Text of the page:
The Maven's Morning Coffee is also available as a daily email. Click here to subscribe.

Today is Monday, May 6, and here is what's happening in Los Angeles:

Headlines

It looks like Wendy Greuel and Eric Garcetti found plenty of things to agree on at Sunday's debate, reports the Los Angeles Times. The two have similar positions on teacher evaluations, neighborhood improvements and immigration reform.

In Rick Orlov's Tipoff column, Jan Perry and Kevin James develop a talk show, Mayor Antonio Villaraigosa looks for a library, and Rick Caruso gets honored.

KPCC looks at the math behind Los Angeles' pension plans. An average city worker will get an annual pension of $46,000 after 30 years on the job. For police officers and firefighters, that figure is more like $66,000.

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LA Mayor’s Race: The city pension problem facing Garcetti and Greuel

Jacob Miller, who works as a care technician at the Los Angeles Department of Animal Services, is covered by the L.A. City Employees Retirement System. Under that system, the average worker who retires this year after 27 years on the job would receive an annual $46,000 pension for life.

One of the biggest challenges facing the next mayor of Los Angeles is the ballooning cost of pensions for city employees. Those costs eat into other city services such as street repairs and paramedics.

To get a sense of the challenge, meet Jacob Miller. He ‘s worked at the Department of Animal Services for 11 years.

"If you are dropping off an animal, or adopting, or redeeming your own pet that got lost, I'm the person you would talk to,” Miller explains after working an overnight shift. “And I make sure your pet is comfortable while it’s at the shelter."

Miller, 34, recalls the words of his father, who also worked in the public sector: "He said, 'Once you have a city job, you're set for life. They're going to take care of you.'”

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CA prisons chief says state remains at odds with federal court order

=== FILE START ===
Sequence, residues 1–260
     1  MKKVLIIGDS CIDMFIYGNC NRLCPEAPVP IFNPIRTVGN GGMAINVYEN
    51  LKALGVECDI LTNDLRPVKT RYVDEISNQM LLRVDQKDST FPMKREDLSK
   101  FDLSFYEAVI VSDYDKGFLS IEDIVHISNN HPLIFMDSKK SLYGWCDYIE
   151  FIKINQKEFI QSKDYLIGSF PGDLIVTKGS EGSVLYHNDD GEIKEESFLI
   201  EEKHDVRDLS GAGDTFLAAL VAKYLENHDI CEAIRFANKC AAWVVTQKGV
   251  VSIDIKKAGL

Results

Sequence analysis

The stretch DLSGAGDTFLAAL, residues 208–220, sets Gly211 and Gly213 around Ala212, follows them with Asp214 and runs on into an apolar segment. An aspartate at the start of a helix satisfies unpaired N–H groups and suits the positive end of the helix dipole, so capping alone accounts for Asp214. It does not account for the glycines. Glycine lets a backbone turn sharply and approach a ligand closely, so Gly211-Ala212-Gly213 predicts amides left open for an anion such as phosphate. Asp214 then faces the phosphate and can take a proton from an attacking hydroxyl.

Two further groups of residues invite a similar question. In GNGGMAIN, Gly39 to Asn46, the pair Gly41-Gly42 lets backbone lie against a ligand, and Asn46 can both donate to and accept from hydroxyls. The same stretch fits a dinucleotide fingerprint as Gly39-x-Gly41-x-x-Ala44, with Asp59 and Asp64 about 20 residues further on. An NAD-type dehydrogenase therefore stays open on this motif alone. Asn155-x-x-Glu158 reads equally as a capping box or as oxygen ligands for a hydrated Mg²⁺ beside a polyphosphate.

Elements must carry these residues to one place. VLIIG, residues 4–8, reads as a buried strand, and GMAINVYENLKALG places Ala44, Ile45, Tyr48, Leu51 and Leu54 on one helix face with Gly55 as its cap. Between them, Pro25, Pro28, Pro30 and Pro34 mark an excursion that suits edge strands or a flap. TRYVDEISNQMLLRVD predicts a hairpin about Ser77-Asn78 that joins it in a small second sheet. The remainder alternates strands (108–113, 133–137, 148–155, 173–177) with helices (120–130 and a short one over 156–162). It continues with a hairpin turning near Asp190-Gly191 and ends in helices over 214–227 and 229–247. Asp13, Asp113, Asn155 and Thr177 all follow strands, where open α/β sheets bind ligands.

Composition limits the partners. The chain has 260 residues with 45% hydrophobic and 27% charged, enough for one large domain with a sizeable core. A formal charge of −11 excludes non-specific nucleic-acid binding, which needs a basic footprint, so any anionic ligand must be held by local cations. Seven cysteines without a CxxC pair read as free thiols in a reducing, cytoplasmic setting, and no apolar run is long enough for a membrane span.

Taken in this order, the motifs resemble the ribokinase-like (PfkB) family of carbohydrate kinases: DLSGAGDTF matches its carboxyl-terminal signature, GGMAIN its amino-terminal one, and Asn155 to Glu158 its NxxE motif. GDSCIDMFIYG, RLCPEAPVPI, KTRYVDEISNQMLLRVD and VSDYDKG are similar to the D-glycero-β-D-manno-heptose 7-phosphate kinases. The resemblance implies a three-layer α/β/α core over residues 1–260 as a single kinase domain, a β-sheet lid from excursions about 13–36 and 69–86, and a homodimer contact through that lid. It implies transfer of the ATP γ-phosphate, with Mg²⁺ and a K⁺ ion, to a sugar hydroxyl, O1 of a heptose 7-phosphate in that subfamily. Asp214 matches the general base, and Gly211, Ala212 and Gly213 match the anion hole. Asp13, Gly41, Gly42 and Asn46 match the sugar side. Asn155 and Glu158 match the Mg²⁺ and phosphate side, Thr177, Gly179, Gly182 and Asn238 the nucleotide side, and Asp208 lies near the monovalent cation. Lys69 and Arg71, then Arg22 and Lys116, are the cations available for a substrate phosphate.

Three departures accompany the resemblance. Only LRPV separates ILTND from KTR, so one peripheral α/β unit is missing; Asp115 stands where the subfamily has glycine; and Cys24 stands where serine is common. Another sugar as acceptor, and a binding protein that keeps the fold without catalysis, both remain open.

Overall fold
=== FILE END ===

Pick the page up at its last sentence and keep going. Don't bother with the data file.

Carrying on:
California Prisons

Rich Pedroncelli/AP

California Corrections Secretary Jeffrey Beard (seen here in a file photo) said Friday "We don’t think we need to do any more" to reduce the state's prison population.

Less than 12 hours after California followed a court order and submitted a plan for reducing its prison population, the state's prisons chief called it “the best of the bad options.” 

Speaking at a press conference Friday morning, Secretary of Corrections Jeffrey Beard said, "We don’t think we need to do any more, and that’s why we haven’t submitted a plan before this.  We’re only doing this under court order.”

Last month, a panel of three District Court judges court ordered California officials to determine  how to shed 9,500 inmates from state prison system before year's end. It was the latest development in a legal fight dating to 2009 when the judges ruled that overcrowding was the primary reason inmates lacked adequate mental and medical care.

The following year, the judges ordered California to reduce the prison population by 40,000 inmates within two years. The state's appeal to the U.S. Supreme Court was denied. Despite sending large numbers of inmates to county jails, the state has struggled to meet the federal mandate.